THEATRE REVIEWS LIMITED (NEW YORK) • May 7, 2001
"An Evening With Beatrice Lillie"
with Layne Littlepage
At The High Spirits Room (New York)
Reviewed by David Roberts
Beatrice Lillie was a funny person. She was a very funny person. With performance timing that rivaled the best of Swiss timekeeping instruments, she knew how to capitalize on all her gifts and graces, including her wonderful physical presence.
Now through a charmingly circuitous route, Beatrice Lillie is appearing in the person of comedian and actor Layne Littlepage at the High Spirits Room, the room named after the 1963 show of the same name Ms. Lillie appeared in. The room is owned by Timothy Gray who co-wrote "High Spirits" and has added some wonderful new material to Layne Littlepage's show.
Ms. Littlepage couldn't personify and embody Ms. Lillie any more perfectly. She is the consummate stand-in for Beatrice Lillie in the new millennium. It is refreshing when a performer portrays a legend with respect and tastefulness (as far as one can stretch "tasteful" in describing Beatrice Lillie) and still manages to tweak the legend with a contemporary spirit.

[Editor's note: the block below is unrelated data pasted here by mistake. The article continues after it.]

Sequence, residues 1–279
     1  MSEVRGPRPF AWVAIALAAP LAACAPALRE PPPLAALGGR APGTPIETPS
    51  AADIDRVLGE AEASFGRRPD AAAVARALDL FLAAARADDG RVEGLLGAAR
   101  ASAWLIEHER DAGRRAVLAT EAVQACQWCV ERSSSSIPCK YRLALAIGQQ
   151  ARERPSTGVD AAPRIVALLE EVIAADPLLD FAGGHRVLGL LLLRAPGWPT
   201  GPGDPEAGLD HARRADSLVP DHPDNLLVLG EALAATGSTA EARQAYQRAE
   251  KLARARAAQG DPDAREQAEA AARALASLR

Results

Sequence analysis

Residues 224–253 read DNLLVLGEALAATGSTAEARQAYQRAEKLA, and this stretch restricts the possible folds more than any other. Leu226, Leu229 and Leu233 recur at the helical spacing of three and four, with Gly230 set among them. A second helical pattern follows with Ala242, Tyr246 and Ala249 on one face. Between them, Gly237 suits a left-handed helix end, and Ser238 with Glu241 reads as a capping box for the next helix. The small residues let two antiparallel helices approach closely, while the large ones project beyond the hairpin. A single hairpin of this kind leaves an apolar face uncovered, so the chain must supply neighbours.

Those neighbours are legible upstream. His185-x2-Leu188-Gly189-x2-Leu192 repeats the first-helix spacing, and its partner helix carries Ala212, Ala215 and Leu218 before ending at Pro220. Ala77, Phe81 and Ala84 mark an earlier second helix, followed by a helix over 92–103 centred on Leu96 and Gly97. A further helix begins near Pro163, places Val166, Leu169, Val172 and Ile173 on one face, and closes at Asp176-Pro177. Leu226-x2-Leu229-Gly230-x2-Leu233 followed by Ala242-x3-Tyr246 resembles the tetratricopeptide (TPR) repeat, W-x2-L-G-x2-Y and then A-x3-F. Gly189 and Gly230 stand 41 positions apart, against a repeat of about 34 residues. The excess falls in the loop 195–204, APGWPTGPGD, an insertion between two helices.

Accompanied by Paul Katz (who successfully plays along with all of Ms. Littlepage's Lillie-like antics), Layne Littlepage sings and patters her way through Beatrice Lillie's career and cohorts with humor and charmed innocence. She breezes (practically rollerskates) through a funny "Rhythm" medley which includes not only the Rodgers and Hart song by the same name, but more than a few bars from nine other "rhythm-related" songs.
Other highlights of this show are "I Always Say Hello To A Flower," "The Fan," "The Yodeling Goldfish" and "Paree" with puns and other clever wordplay galore.
Perhaps the funniest part of "An Evening With Beatrice Lillie" is the "Swell Party Medley," during which Ms. Littlepage pairs Ms. Lillie up with the likes of Julie Andrews, Tallulah Bankhead and Noel Coward (among other contemporary notables).
This is a show about Beatrice Lillie in the venue owned by someone who knew her and worked with her, a venue where the smell of bread baking meets patrons during the curtain call. This is a show performed to perfection by Layne Littlepage. This is a show that deserves another look in Manhattan in the near future.